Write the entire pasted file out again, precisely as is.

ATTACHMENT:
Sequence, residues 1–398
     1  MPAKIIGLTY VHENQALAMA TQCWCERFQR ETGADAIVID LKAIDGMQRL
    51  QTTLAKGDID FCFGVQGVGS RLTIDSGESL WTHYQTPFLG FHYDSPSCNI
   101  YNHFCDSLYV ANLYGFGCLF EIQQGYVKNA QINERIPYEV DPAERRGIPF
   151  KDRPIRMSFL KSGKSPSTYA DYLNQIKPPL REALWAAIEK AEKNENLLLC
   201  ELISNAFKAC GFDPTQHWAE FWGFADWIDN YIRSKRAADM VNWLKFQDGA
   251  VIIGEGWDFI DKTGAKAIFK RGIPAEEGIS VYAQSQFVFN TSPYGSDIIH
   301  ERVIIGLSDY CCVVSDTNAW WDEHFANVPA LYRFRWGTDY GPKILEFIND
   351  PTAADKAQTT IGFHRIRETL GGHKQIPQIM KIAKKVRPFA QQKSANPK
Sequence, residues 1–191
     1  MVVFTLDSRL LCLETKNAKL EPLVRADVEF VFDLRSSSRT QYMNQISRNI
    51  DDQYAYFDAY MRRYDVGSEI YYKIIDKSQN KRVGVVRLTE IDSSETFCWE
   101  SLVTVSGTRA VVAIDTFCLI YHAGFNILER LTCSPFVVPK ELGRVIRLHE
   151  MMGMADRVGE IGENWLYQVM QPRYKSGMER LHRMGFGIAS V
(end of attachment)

Sequence, residues 1–398
     1  MPAKIIGLTY VHENQALAMA TQCWCERFQR ETGADAIVID LKAIDGMQRL
    51  QTTLAKGDID FCFGVQGVGS RLTIDSGESL WTHYQTPFLG FHYDSPSCNI
   101  YNHFCDSLYV ANLYGFGCLF EIQQGYVKNA QINERIPYEV DPAERRGIPF
   151  KDRPIRMSFL KSGKSPSTYA DYLNQIKPPL REALWAAIEK AEKNENLLLC
   201  ELISNAFKAC GFDPTQHWAE FWGFADWIDN YIRSKRAADM VNWLKFQDGA
   251  VIIGEGWDFI DKTGAKAIFK RGIPAEEGIS VYAQSQFVFN TSPYGSDIIH
   301  ERVIIGLSDY CCVVSDTNAW WDEHFANVPA LYRFRWGTDY GPKILEFIND
   351  PTAADKAQTT IGFHRIRETL GGHKQIPQIM KIAKKVRPFA QQKSANPK
Sequence, residues 1–191
     1  MVVFTLDSRL LCLETKNAKL EPLVRADVEF VFDLRSSSRT QYMNQISRNI
    51  DDQYAYFDAY MRRYDVGSEI YYKIIDKSQN KRVGVVRLTE IDSSETFCWE
   101  SLVTVSGTRA VVAIDTFCLI YHAGFNILER LTCSPFVVPK ELGRVIRLHE
   151  MMGMADRVGE IGENWLYQVM QPRYKSGMER LHRMGFGIAS V